6. Red meat

During your period, your body produces prostaglandins. These compounds help your uterus contract and get rid of the uterine lining, resulting in your menstrual flow. However, high levels of prostaglandins cause cramps.

Red meat may be high in iron, but it is also high in prostaglandins and should be avoided during menstruation.

7. Foods you don’t tolerate well

This might seem obvious, but it’s worth emphasizing: If you have food sensitivities, avoid those foods, especially during your period.

If you’re lactose intolerant, you might occasionally treat yourself to a milkshake, regardless. But during your period, it’s especially important to avoid the foods that can trigger issues in your body.

Eating these foods can cause nausea, constipation, or diarrhea, which will only add to your discomfort when you’re having a painful period.

Other cramp remedies

Eating and avoiding certain foods isn’t the only action you can take to ease the symptoms of your period. Try these, too:

  • Exercise. Some evidence suggests that exercise, such as light cardio and yoga, can reduce menstrual cramps.
  • Hot compresses. Hot water bottles or microwaveable hot compresses can soothe pain in your abdomen and back.
  • Over-the-counter medication. Ibuprofen and other OTC meds can reduce your cramps.
  • Massages. Massaging your stomach or your back can reduce menstrual pain. In a small 2010 study, massages soothed pain in 23 subjects with endometriosis.

What to Eat During Periods to Increase Flow

Below mentioned are a few superfoods that can increase menstruation flow:

1. Emmenagogues

These herbs stimulate blood flow in the pelvic area and uterus. Turmeric or Haldi is one such herb. It has an antispasmodic effect on your body, expanding the uterus and inducing menstruation flow. Therefore, you may regularly consume Haldi doodh or turmeric latte to increase the flow and reduce period irregularities. However, before consuming these herbs, always consult a health expert.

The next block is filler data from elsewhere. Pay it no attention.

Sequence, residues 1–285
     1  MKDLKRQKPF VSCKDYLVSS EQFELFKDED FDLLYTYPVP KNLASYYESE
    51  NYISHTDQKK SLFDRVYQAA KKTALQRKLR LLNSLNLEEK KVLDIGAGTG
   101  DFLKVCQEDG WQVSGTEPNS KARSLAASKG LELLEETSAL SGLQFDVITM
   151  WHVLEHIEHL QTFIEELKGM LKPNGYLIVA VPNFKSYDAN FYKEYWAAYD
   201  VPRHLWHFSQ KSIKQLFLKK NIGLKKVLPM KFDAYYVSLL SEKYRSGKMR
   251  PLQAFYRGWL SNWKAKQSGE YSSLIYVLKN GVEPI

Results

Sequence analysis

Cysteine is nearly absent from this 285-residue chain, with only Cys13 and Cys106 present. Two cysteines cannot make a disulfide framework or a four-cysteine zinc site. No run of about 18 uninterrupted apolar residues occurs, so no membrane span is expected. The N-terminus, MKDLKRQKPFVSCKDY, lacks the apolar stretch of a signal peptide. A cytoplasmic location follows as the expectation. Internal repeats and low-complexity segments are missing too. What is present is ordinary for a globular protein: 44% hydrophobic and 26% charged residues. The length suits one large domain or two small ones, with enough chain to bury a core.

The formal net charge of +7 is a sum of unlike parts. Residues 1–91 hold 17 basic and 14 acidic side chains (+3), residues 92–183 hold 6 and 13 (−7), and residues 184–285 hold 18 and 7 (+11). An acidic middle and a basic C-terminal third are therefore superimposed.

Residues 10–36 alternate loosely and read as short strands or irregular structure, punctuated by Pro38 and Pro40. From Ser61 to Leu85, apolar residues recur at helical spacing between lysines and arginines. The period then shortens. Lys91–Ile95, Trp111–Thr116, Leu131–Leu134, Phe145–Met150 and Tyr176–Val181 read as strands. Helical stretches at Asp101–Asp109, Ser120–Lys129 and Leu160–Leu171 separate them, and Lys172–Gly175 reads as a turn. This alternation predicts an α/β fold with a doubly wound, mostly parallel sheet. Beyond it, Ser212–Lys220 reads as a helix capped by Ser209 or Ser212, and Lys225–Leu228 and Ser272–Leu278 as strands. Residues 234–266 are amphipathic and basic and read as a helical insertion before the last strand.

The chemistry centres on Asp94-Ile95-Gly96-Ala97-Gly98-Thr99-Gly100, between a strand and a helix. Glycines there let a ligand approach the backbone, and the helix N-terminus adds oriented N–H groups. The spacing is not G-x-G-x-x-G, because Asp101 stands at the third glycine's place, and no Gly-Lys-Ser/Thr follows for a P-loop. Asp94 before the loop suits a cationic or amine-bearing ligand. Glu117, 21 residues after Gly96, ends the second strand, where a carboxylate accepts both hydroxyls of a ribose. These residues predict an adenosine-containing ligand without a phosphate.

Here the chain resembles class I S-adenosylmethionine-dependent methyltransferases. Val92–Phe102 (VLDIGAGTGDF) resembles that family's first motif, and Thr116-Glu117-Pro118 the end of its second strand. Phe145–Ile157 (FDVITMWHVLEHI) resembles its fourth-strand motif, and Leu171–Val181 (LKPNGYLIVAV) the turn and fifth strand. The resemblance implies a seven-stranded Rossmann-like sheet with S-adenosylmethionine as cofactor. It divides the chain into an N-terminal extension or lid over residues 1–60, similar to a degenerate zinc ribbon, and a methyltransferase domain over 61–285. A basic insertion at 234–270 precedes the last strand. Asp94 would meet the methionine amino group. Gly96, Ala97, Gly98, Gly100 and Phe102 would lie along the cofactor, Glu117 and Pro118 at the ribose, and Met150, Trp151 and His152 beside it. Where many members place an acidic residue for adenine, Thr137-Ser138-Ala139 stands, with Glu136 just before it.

2. Vitamin C-rich Fruits

These fruits are beneficial for inducing period flow. Papaya is one of the best vitamin C enriched fruits to eat during periods to increase blood flow. It contains carotene, which can help stimulate the oestrogen hormone that induces menstrual blood flow. Pineapple, oranges, lemon, kiwi, and mangoes are other vitamin-C-rich fruits that reduce irregularities in periods and regularise the flow when eaten regularly.

3. Beetroot

It contains iron, calcium, folic acid, and other essential nutrients. It helps decrease water retention and bloating and induces menstruation.

What to Eat During Periods to Reduce Pain

Following is a list of food that can help to reduce pain during the period:

1. Bananas

They are amazing for menstrual cramps. Hence, these are rich in fiber, beneficial in easy bowel movements, and reduce digestive problems, which might occur during periods. They also contain magnesium, which helps in reducing the severity of period cramps.

2. Lemons

These are a powerhouse of vitamin C, which assists your body in absorbing iron from the food you consume into the bloodstream and tissues. As you lose blood during menstruation, consumption of lemon juice or lemon tea helps in boosting the possess of iron absorption in your body. This also reduces stress in your body.

3. Broccoli

The fibre and iron in broccoli help reduce period cramps, especially the pain in your lower abdomen.

Fruits to Eat During Periods

Following are some fruits that you should eat during periods:

1. Sweet Fruits

To control sugar cravings during periods, you can eat sweet fruit such as apples, grapes, etc. These fruits help to fulfil your daily sugar intake and keep you at bay from consuming artificial sugar.

2. Water-rich Fruits

Fruits such as watermelon, muskmelon, strawberries, oranges, cucumber, etc., contain loads of water, hence keeping you hydrated. Staying hydrated is crucial, especially during menstruation, to avoid feeling fatigued and stressed. In addition, these water-loaded fruits also help to decrease the chances of bloating during menses.

3. Citrus Fruits

Oranges, lemons, grapefruits, pomelos, and limes are some citrus fruits you can consume during your periods. These fruits help regulate your mood and make you feel better during periods.

4. Gut-friendly Fruits

Various women suffer from digestive problems during their periods. Therefore you must consume fruits that help resolve digestive issues and maintain your digestive health. One such fruit is bananas. It contains high potassium, which is beneficial for nerve function in the digestive tract.